With spring in full bloom, the Auburn Floral Trail is open for its 19th year and showcasing Auburn’s floral scene.
The Auburn Beautification Council, Auburn-Opelika Tourism Bureau and the City of Auburn put on the trail each year, which will run until April 19 this year.
There are two main trails, a 3.5-mile northern trail just off North College Street and a 10.5-mile trail off South College Street.
There are also two smaller, optional trails. One runs through the Donald E. Davis Arboretum and another off North College Street that begins on Asheton Lane.
Catrina Cook, Auburn’s Environmental Services assistant director, said the trails present a multitude of Auburn’s native azaleas as well as pear trees, cherry trees and dogwoods.
“You’ll see a lot of our winter plants that are blooming, too,” Cook said. “You’ll also see tulips and pansies and late-blooming camellias.”
Cook said now is a great time to see the trails as the late winter flowers and all the spring flowers are blooming together.
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The Auburn Beautification Council has planters that help set up some areas. Residents are responsible for most of the flowers along the trails.
“Our mission, primarily, is to promote the best interest of the residents of the city and to promote a cleaner, healthier and safer place to work and visit,” Cook said.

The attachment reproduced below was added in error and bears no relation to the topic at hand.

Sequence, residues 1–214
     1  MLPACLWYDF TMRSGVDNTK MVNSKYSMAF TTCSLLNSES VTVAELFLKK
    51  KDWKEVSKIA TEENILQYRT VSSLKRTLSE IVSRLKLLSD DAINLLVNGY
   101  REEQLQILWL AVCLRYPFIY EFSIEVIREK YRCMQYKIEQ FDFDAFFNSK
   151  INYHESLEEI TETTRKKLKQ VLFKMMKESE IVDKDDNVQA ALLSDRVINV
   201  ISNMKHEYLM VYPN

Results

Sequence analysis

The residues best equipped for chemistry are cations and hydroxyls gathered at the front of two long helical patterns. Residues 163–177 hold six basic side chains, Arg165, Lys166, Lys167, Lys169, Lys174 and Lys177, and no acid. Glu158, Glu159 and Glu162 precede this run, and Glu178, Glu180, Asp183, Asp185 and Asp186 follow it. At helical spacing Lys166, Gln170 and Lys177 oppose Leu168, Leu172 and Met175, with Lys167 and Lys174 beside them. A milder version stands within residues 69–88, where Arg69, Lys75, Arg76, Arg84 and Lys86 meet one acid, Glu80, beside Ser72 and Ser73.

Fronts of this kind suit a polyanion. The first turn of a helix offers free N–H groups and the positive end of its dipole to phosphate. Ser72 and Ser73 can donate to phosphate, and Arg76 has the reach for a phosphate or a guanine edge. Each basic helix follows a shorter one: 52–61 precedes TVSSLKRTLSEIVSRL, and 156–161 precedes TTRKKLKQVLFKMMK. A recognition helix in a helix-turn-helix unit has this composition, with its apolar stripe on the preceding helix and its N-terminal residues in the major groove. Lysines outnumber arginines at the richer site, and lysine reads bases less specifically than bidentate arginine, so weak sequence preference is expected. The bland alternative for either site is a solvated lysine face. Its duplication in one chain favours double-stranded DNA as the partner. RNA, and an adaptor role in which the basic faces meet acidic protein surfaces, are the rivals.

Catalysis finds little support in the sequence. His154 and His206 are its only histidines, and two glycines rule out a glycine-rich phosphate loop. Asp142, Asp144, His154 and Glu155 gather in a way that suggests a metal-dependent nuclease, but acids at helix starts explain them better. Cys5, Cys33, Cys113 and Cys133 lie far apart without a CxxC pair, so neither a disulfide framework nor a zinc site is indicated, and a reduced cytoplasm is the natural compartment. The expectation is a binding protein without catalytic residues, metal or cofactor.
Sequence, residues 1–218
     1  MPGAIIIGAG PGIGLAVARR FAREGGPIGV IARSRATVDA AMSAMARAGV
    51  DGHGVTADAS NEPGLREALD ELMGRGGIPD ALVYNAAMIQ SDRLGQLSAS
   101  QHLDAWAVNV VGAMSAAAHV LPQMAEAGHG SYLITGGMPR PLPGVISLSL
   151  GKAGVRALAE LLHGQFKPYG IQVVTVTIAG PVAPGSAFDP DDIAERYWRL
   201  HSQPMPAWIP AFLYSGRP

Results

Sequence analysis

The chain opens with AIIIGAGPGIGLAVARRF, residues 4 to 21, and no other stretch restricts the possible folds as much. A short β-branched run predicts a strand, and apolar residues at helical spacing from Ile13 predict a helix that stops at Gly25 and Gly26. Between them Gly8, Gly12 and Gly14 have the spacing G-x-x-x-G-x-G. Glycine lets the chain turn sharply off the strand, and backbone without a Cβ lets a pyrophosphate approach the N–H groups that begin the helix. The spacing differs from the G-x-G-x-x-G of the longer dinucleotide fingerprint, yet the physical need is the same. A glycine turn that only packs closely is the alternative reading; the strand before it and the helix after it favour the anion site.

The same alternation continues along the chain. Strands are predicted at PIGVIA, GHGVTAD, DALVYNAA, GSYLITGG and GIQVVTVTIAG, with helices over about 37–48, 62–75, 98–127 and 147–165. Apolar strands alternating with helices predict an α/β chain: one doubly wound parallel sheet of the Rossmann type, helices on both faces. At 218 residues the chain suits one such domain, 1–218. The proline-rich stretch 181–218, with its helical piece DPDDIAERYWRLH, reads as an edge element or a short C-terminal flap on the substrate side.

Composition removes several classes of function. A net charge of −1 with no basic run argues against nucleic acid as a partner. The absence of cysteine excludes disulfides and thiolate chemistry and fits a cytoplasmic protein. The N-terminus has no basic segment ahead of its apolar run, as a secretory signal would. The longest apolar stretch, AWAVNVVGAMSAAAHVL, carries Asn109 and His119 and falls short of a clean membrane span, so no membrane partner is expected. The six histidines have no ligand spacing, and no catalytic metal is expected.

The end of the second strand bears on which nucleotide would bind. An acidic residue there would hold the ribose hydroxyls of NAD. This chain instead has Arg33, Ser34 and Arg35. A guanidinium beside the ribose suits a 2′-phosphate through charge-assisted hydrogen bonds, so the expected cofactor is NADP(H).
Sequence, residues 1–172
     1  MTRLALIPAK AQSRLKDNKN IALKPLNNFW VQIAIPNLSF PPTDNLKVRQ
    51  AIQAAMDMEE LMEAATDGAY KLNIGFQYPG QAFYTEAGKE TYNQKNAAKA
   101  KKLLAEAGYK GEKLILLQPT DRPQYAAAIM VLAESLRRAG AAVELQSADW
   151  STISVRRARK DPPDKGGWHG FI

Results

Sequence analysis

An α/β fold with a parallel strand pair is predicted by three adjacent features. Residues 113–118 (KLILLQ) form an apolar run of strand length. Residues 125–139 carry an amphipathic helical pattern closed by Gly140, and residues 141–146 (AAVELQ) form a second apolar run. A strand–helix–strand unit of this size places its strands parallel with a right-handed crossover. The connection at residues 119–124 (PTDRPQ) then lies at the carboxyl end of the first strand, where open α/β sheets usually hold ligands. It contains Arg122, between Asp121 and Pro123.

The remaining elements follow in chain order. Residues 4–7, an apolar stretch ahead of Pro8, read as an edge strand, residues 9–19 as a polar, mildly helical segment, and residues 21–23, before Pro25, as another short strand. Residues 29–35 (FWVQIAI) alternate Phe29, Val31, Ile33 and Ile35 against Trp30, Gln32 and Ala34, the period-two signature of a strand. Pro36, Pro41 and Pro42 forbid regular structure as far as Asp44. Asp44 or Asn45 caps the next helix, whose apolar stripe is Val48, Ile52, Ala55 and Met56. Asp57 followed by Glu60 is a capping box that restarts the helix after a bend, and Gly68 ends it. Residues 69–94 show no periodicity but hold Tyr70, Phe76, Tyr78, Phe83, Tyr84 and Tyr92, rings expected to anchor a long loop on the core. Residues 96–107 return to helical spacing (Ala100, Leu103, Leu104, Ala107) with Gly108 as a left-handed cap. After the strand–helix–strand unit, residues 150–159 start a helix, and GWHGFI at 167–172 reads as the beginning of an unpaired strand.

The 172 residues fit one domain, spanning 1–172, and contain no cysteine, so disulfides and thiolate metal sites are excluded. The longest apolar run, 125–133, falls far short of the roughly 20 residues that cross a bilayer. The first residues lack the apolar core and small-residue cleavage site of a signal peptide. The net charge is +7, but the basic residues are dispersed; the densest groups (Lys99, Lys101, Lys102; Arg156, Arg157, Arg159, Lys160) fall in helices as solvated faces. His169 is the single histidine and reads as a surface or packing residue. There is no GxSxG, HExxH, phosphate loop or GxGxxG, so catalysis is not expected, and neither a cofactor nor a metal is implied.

The two main trails move through residential areas and are accessible by car, bike or on foot so that people can view the blooms however they choose.
Organizers wanted to make sure that everyone would be able to see the hard work and time that everyone put into making the trail happen, Cook said.
“You get a chance to see just how much time everyone has put into their yards,” Cook said. “Especially in some of the more mature areas. These two areas have a lot of mature trees, so it is easy to enjoy those blooming.”
There is a large collaboration among the beautification council, the tourism bureau and environmental services to ensure that all the streets and sidewalks are swept and clean to make sure all the trails really shine, Cook said.
“The Auburn Beautification Council is responsible for planters downtown, and we (the City of Auburn) provide the signs that you see on the roads that direct you to the trail,” Cook said. “The tourism bureau funds the brochures that everyone can pick up.”
This year, the brochures also includes a QR code, which contains a map of all the trail.
“A big thanks to all the homeowners who get involved with setting up their yards earlier and putting so much effort into it,” Cook said. “I want to give a special thanks to all the homeowners that spend extra time in their yards to make it really special.”
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